As he usually does in his writings, Isaiah sets the background for this stanza of “The Redeemer” poem by calling to mind a contemporary/historical event or example his listeners will know (much like the parables of Christ and others). In this case, the incident is the Exodus of the Children of Israel from Egypt, specifically the miracles the Lord performed (“[baring] His holy arm”) that caused “all the nations” of the region to fear Israel (parting the Red Sea, defeating all their enemies, etc.).
I will send my fear before thee, and will destroy all the people to whom thou shalt come, and I will make all thine enemies turn their backs unto thee. (Exodus 23:27)
That all the people of the earth might know the hand of the LORD, that it is mighty: that [they] might fear [Jehovah] your God for ever. (Joshua 4:24, edited)
THEN sang Moses and the children of Israel this song unto the LORD, and spake, saying,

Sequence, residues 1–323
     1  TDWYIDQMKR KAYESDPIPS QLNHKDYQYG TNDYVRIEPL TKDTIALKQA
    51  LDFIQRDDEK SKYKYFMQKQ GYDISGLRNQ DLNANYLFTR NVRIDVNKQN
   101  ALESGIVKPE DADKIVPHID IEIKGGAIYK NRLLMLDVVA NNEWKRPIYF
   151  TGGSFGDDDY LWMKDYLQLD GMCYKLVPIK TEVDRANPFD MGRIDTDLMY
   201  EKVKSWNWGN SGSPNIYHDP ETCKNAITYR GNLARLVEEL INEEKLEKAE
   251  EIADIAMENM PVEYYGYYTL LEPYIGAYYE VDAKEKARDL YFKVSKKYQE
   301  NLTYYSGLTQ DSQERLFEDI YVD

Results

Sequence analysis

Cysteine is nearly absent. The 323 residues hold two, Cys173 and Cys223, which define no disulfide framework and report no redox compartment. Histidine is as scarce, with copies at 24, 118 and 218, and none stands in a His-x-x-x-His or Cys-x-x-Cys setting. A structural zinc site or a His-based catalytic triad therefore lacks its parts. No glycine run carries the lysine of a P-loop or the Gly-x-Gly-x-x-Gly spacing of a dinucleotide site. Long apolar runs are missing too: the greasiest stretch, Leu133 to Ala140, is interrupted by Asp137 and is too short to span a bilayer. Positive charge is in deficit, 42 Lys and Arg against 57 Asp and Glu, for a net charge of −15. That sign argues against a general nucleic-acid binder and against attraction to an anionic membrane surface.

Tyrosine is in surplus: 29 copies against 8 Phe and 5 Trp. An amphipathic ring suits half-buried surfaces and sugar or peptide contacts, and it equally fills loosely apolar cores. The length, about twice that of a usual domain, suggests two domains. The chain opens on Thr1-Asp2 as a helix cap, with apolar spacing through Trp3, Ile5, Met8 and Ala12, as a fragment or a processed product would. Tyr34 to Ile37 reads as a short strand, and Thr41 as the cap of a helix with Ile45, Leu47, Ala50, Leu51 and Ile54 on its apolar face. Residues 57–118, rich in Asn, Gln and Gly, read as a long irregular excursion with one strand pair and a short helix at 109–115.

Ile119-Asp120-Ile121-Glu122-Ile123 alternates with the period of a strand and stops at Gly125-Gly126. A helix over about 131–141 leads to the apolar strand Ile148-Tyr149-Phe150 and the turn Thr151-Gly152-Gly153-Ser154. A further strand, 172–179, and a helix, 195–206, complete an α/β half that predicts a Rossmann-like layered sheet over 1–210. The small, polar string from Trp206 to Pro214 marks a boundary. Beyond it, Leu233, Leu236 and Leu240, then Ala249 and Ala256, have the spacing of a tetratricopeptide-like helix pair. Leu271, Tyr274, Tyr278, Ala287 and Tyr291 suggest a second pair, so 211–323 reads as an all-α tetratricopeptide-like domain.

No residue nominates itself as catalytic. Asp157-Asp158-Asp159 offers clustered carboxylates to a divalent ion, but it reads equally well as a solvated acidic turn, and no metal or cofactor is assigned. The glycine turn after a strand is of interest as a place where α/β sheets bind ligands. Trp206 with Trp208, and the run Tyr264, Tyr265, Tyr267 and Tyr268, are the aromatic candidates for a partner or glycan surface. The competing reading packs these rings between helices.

I will sing unto the LORD,
For he hath triumphed gloriously:
The horse and his rider
Hath he thrown into the sea.
The LORD is my strength and song,
And he is become my salvation:
He is my God,
And I will prepare him an habitation;
My father’s God,
And I will exalt him.
The LORD is a man of war:
Jehovah is his name.
Pharaoh’s chariots and his host
Hath he cast into the sea:
His chosen captains also
Are drowned in the Red sea.
The depths have covered them:
They sank into the bottom as a stone.
Thy right hand, O LORD,
Is become glorious in power:
Thy right hand, O LORD,
Hath dashed in pieces the enemy.
And in the greatness of thine excellency
Thou hast overthrown them
That rose up against thee:
Thou sentest forth thy wrath,
Which consumed them as stubble.
And with the blast of thy nostrils
The waters were gathered together,
The floods stood upright as an heap,
And the depths were congealed
In the heart of the sea.
The enemy said,
“I will pursue,
I will overtake,
I will divide the spoil;
My lust shall be satisfied upon them;
I will draw my sword,
My hand shall destroy them.”
Thou didst blow with thy wind,
The sea covered them:
They sank as lead
In the mighty waters.
Who is like unto thee,
Among the gods?
Who is like thee,
Glorious in holiness,
Fearful in praises,
Thou stretchedst out thy right hand,
The earth swallowed them.
Thou in thy mercy hast led forth the people
Which thou hast redeemed:
Thou hast guided them in thy strength
Unto thy holy habitation.
The people shall hear,
And be afraid:
sorrow shall take hold
On the inhabitants of Palestina.
Then the dukes of Edom
Shall be amazed;
The mighty men of Moab,